VMware templates with Windows and ESX server without VMware Infrastructure

This a guide on creating templates for Windows Server virtual machines for ESX server when you don't have the advantage of being able to use the template function built into VMware Infrastructure.

Why?

Templates are great for rapid deployment of new servers, setting a new server up from scratch each time wastes precious System Administrator time and everyone likes an easier way to do it.

The Process

This method involves using a VMware tool called VMware Converter. VMware Converter has many uses, the one we are going to be using today is the ability to move virtual machines between ESX hosts and to move then around on the same host!

Procedure

Firstly you need to create your base VM-Image, build you image up to whatever the basic configuration that you will need for your hosts. This option is called the Build To Order method (BTO). With the build to order method you will normally add in your standard array of software, run windows update, install anti-virus and install any Host Monitoring software like Nagios

  1. Prepare your system for re-imaging, if you are going to be joining these machines to a domain you need to prepare then with Sysprep to regenerate the security id (SID) and then shut the VM down.

  2. On a separate system load up VMware Converter, ideally this system should be located on the host ESX server to offer the maximum speed when doing the conversion as all the data from the VM Images will be going into this system and then being sent back to the ESX Served.

    1. Open VMware Converter and click "Convert Machine" button.
      1. Select the source type VMware Infrastructure Virtual Machine.
      2. Enter the credentials to a "Root" User on your ESX System.
      3. Select the VM that you want to "Move or Convert"
      4. When the "Source Data" section appears click "Select Volumes to save or add space"
      5. Resize the VM disks as you required and click next (leave the "ignore pagefile and hiberfile as default")
      6. Select destination type VMware Infrastructure Virtual Machine.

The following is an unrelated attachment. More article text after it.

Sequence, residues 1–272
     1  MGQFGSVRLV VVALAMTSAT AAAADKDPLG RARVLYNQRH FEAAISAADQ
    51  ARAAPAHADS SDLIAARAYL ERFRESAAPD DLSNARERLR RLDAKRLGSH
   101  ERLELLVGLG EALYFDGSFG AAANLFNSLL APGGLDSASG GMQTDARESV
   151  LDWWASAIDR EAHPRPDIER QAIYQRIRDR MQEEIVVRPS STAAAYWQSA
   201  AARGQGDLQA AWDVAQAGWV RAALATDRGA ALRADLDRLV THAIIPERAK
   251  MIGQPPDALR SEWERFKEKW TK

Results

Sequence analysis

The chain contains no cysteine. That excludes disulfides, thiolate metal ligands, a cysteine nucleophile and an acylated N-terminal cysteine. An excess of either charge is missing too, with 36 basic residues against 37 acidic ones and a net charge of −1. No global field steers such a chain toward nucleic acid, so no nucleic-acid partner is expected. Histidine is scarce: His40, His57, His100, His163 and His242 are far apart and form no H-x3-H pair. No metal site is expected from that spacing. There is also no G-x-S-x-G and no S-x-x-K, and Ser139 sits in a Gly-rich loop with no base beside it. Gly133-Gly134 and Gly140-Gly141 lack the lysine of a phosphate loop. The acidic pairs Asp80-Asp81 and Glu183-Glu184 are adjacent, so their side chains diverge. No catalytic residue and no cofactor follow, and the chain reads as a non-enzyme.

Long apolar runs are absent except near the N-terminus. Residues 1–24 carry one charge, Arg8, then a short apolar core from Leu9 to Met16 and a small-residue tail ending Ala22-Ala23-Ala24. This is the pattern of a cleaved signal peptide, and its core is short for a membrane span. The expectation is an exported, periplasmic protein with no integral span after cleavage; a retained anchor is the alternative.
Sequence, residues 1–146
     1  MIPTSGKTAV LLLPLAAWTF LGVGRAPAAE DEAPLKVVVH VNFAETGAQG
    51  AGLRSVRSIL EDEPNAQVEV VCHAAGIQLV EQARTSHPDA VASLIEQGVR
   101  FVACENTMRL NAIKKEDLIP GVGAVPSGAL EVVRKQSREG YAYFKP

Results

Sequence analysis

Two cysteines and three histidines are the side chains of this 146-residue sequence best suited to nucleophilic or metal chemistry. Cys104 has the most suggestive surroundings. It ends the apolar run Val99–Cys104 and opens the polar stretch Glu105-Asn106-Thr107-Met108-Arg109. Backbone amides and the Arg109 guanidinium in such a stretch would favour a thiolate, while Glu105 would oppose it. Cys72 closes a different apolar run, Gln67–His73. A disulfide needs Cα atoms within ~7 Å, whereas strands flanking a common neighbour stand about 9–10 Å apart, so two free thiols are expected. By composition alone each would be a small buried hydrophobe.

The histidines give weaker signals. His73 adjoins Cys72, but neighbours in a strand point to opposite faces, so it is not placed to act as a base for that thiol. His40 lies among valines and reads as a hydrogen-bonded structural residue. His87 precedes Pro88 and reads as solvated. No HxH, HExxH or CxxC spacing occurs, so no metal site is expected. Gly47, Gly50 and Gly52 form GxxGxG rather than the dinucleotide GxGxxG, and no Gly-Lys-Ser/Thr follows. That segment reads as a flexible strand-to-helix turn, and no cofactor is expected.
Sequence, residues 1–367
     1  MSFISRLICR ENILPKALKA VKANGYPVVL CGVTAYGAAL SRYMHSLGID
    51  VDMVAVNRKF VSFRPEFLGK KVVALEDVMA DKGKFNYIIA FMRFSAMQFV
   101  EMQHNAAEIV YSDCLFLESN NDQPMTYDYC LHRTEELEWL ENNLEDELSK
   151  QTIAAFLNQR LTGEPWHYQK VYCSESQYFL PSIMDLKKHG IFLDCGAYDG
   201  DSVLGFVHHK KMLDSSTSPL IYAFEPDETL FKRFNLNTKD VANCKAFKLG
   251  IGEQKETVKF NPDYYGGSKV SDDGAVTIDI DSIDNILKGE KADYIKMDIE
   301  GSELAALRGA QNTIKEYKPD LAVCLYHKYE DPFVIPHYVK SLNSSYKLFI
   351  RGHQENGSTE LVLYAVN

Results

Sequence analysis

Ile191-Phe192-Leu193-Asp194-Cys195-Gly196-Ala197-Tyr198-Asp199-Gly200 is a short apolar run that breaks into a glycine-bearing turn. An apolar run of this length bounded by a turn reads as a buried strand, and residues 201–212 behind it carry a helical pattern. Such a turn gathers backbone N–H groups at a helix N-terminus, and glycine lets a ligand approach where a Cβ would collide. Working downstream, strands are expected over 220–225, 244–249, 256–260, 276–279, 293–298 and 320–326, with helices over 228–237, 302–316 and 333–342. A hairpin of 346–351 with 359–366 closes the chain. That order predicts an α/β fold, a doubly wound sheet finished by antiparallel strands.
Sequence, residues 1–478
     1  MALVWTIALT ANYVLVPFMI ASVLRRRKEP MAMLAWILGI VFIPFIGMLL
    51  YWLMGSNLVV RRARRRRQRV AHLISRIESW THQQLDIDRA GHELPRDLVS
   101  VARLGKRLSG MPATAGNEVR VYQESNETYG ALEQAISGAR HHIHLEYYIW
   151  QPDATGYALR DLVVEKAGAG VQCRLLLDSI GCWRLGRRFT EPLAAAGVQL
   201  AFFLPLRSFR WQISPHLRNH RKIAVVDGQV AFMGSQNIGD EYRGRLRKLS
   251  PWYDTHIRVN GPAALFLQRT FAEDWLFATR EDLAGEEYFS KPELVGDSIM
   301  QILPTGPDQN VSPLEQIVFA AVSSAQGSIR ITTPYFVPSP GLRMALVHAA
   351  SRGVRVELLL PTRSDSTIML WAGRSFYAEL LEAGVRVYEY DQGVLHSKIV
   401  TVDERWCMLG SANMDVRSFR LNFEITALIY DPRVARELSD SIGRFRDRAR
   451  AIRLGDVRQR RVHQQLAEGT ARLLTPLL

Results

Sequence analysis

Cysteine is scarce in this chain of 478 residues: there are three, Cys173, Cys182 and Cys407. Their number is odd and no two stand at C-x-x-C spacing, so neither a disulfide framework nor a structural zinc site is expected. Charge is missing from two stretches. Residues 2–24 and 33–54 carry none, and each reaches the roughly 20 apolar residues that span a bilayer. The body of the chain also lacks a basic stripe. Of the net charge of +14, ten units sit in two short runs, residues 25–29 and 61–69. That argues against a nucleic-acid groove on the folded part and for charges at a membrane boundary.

7. Enter the credentials to a "Root" User on your ESX System.
      8. Enter a *NEW* Virtual machine name.
      9. Select the right resource pool (if you have them configured)
      10. Select the data store.
      11. Set the number of virtual NIC's the system is meant to have.
      12. Customize the virtual machine if you need to (change windows CD-Keys, Install VMware Tools ect)
      13. Click finish and let it convert, the conversion time will change depending on how much data you need to move.
      14. Open the VI Console to your ESX Server once the conversion has taken place, Check that it boots and that all the data is there
  3. If you ran Sysprep on the machine before imaging it will now run and request CD Keys
  4. The conversion is now done, you can image these off your master BTO Template, remember to keep your template updated and current.

Another Method

This is just one method of the other methods that you can use to copy and move your VM's around on your ESX host and obtain some form of template's for rapid setup. However these methods involve manually moving files around on the ESX system and if you are not totally familiar with ESX's inner workings, stick the the above method.

Vmkfstools

With Vmkfstools yon copy VM's around on the system a example of this command is

Vmkfstools –I /locationoftemplate/template.vmdk /destination/newservername.vmdk

This will only copy the VMware Virtual HDD (VHD) you will then need to go into the VMware GUI and add a new "custom" VM and utilise the new VHD as an existing virtual disk, the process is below.

  1. Open VI Client GUI
    1. Virtual machine configuration is "Custom"
    2. Name your VM.
    3. Select a Resource pool where to place the server.
    4. Select your data store where you keep VM Images.
    5. Select your operating system and architecture.
    6. Select the amount of virtual processors, only give it as much as it needs to avoid overheads.
    7. Select how much ram to allocate to the system.
    8. Select the amount and type of network adapters.
    9. Set the SCSI Controller type, LSI Logic is the most common.
    10. In the Disk section select "Use and existing virtual disk"
    11. Locate where you copied your Template to.
    12. Set the SCSI Node.
  2. Completion - Please start the new VM!

If you are brave, there is further explanation on how to do this and also how to setup scripts to do this for you located on Tech Target.

Summary

Templating is a great time saver for system administrators. If you follow the steps above you will be a long way to getting your provisioning time down and your productivity up. As we all know automation is the system administrators friend!


See also:

References/External Links

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